Catholic Encyclopedia (1913)/Abbey of Saint Remy
|←Ven. Anne-Madeleine Remuzat||Catholic Encyclopedia (1913), Volume 12
Abbey of Saint Remy
Founded at Reims before 590. Its early history is very obscure; at first a little chapel dedicated to St. Christopher, it obtained great renown when it acquired the relics of St. Remy in 553, and gifts poured in upon it from pious donors. By the ninth century the abbey possessed about 700 domains and was perhaps the richest in France. It seems probable that secular priests were the first guards of the relics, but were succeeded by the Benedictines. From 780 to 945 the archbishops of Reims were its abbots. It was there that Charlemagne received Leo III. In 1005 the Abbot Aviard undertook to rebuild the Church of St-Remy, and for twenty years the work went on uninterruptedly but then collapsed. The Abbot Theodoric erected a magnificent basilica which in 1049 Leo IX dedicated and granted many special privileges. The schools and the library were, during the Middle Ages, of such great repute that Alexander III wrote a commendatory letter to the Abbot Peter. The archbishops of Reims and several princes, Carloman, Charlemagne's brother, Henri d'Orléans (d. about 1653), and several kings, Louis IV and Lothaire, were buried in the monastery.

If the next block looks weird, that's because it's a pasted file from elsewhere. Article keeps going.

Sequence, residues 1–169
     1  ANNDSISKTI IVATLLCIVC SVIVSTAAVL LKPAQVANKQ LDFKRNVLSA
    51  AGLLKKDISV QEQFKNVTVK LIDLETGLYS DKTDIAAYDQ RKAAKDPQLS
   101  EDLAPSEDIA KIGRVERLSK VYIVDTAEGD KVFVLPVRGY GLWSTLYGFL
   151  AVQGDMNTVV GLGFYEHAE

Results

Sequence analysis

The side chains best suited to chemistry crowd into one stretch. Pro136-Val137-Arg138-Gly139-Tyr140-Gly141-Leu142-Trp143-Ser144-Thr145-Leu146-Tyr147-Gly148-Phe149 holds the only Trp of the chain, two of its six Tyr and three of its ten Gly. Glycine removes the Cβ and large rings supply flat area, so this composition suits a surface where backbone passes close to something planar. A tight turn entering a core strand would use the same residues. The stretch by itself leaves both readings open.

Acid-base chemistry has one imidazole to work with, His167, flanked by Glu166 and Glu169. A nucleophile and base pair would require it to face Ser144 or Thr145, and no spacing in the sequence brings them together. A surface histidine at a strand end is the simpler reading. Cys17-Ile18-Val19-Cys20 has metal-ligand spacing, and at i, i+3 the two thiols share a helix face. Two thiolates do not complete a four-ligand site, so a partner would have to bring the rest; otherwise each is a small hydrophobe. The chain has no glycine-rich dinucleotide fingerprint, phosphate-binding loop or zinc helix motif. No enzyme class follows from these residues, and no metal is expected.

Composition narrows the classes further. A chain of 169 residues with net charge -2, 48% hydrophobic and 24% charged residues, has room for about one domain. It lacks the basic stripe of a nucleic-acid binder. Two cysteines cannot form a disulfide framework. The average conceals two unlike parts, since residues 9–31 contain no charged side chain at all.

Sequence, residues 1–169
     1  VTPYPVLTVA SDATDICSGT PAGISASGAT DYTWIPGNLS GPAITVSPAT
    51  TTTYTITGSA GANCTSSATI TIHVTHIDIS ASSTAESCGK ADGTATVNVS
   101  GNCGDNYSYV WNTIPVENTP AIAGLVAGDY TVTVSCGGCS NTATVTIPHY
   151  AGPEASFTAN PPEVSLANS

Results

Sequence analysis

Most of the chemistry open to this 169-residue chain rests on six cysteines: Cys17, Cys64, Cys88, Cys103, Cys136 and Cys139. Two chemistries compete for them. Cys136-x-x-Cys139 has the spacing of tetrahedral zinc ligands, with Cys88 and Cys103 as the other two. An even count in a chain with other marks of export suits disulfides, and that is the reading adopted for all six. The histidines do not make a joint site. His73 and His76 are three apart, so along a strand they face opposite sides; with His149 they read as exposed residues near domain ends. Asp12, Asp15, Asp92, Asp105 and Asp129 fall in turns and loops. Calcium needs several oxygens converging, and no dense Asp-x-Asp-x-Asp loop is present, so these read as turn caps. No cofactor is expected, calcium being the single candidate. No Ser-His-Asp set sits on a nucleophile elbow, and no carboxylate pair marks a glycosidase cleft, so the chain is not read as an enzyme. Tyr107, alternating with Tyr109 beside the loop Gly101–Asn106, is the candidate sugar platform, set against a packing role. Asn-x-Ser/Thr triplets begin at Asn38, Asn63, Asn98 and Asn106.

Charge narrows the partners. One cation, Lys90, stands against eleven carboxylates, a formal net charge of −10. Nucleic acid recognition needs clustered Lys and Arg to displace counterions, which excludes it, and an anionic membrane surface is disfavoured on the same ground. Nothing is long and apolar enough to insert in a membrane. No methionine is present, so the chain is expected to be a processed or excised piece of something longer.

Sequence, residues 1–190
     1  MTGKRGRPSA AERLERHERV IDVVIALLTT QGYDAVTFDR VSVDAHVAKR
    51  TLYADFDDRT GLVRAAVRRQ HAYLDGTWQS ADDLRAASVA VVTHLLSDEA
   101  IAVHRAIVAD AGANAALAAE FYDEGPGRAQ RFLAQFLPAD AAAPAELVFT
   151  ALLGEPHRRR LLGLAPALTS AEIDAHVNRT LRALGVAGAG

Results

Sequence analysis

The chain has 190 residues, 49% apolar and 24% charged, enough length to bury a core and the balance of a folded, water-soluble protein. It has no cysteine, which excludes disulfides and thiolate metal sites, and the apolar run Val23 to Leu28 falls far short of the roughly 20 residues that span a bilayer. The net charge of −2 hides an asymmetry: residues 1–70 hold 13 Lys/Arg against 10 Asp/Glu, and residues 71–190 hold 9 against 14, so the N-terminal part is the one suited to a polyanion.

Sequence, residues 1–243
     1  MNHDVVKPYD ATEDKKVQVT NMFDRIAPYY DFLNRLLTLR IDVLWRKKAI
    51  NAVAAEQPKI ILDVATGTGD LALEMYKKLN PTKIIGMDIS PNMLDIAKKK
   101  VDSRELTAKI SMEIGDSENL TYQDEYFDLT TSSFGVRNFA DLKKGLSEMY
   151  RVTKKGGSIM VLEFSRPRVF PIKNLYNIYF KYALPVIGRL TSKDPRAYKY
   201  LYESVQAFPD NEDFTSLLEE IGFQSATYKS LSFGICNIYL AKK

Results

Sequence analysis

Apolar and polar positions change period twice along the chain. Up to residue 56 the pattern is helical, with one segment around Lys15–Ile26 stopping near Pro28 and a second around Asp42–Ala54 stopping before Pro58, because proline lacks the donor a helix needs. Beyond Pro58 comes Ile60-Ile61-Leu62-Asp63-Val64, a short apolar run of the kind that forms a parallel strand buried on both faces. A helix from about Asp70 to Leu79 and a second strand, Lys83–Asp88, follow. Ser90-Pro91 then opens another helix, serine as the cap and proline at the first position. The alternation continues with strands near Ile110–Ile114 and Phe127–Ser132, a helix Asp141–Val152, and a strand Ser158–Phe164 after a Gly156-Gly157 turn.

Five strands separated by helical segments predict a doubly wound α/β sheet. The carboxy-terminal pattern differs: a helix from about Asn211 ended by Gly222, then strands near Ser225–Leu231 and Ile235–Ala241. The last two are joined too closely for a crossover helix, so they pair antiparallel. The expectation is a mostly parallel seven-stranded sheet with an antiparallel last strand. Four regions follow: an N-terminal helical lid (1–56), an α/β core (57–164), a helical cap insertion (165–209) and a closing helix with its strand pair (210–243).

Among the illustrious men of the abbey may be mentioned: Henri de Lorraine (1622-1641), who affiliated, in 1642, the abbey to the Congregation of St. Maur; J. Nicolas Colbert (1665), later archbishop of Rouen; Charles Maurice le Tellier (1680-1710); and Joseph de Rothechouart, appointed abbot by the king in 1745.
Gallia Christiana, IX (1751) 219-239; VARIY, Statuts de l'abbaye de St-Remy in Arch. legisl. Reims, I (1844), 165-99; GUERARD, Polyptique de l'abbaye de St-Remy (Paris, 1853); POUSSIN, Monographie de l'abbaye de St-Remy (Reims, 1854); MOLINIER, Obit. Franc. (Paris, 1890), 194; CHEVALIER, Sacramentaires et martyrologes de l'abbaye de St-Remy in Bibl. Liturg., VII (Paris, 1900), 305-57; LECESTRE, Abbayes, prieures et couvents d'hommes en France (Paris, 1902), 12.